Defendants accused of hiding assets in order to avoid repaying millions of dollars in promissory notes recently responded to discovery requests made by Wells Fargo.
As previously reported, Wells Fargo Bank filed suit against Thomas W. and Denise Harrison on April 13 in Jefferson County District Court, claiming the Beaumont man transferred a substantial number of assets to his wife in an effort to evade payment of debt to the bank.
Court records show that on Dec. 14 the Harrisons filed a certificate of discovery, showing that they served the plaintiff with their first supplemental response to request for production and responses to request for disclosure.
According the suit, Wells Fargo alleges it lent Thomas Harrison more than $9 million in promissory notes and guaranty agreements. According to financial statements provided to the bank, Thomas Harrison had sufficient wealth to repay the loans. However, Thomas Harrison later defaulted on the loans, according to the complaint.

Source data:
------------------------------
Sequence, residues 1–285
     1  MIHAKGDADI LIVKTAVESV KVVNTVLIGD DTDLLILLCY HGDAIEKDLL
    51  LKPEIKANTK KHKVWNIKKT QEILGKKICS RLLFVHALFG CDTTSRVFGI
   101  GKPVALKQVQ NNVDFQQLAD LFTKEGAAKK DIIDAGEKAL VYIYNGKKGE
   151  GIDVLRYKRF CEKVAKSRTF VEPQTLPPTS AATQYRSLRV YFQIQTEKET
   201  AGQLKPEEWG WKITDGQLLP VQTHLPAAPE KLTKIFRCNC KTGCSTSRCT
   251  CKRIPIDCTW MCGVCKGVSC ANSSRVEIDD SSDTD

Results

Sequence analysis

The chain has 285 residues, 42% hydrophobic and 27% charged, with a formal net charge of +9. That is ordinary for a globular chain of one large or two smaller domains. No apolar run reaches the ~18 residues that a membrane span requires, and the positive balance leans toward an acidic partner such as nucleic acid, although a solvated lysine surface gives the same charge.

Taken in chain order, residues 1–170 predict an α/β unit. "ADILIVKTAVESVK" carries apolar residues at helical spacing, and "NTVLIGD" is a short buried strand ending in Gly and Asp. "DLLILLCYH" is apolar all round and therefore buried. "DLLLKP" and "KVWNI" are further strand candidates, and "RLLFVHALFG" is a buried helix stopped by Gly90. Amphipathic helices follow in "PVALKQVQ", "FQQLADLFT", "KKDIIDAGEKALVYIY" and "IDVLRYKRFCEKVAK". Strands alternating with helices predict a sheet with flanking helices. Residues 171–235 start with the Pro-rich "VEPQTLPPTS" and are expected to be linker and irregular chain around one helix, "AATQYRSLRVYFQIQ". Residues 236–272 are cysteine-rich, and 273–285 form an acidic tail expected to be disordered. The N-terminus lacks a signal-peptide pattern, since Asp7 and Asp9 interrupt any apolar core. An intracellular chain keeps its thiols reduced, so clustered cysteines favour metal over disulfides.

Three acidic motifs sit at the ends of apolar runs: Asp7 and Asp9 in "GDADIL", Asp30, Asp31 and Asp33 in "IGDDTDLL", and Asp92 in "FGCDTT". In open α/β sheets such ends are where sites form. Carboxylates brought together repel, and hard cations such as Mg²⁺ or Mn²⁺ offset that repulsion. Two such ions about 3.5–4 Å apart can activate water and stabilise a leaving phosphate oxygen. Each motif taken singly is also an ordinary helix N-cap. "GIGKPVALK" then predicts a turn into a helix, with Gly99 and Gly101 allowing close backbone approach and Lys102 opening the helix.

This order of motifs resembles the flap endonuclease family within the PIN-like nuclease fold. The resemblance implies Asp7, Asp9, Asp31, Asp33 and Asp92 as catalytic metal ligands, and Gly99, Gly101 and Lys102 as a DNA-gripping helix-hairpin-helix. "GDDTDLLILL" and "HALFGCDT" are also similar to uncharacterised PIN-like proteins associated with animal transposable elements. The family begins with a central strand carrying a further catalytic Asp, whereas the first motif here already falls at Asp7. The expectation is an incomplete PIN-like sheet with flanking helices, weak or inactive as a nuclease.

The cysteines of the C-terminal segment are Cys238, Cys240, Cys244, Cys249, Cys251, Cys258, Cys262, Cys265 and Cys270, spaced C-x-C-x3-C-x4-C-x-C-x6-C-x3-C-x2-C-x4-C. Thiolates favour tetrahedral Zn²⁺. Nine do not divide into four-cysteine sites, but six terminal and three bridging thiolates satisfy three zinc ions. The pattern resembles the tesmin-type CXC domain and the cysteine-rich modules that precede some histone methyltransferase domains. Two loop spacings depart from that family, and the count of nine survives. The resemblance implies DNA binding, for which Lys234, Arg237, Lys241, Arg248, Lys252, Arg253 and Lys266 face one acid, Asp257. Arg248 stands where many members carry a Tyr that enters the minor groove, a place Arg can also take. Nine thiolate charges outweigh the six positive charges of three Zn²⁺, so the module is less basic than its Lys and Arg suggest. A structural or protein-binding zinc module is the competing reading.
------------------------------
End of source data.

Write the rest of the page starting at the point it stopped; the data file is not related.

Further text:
In turn, Wells Fargo filed a complaint against Thomas Harrison in Jefferson County District Court. The bank received a judgment for more than $6 million, the current suit states.
Thomas Harrison, however, continued to refuse to pay the money to the bank, the complaint says. In fact, in an effort to avoid payment, Thomas Harrison transferred assets to his wife, Wells Fargo claims.
Since then, Wells Fargo has attempted to serve Thomas Harrison with post-judgment interrogatories, but he has failed to return the documents, according to the complaint.
Wells Fargo alleges fraudulent transfer against Thomas Harrison.
It seeks a judicial determination that any transfers from Thomas Harrison to Denise Harrison be declared void. It also seeks an attachment of all assets Thomas Harrison transferred, attorneys’ fees, costs and other relief the court deems just.
J. Michael Dorman and Jennifer Collard Wolf of Locke Lord in Houston represent Wells Fargo.
Beaumont attorney Keith Kebodeaux represent the couple.
Judge Gary Sanderson, 60th District Court, is assigned to the case.
Case No. B192-299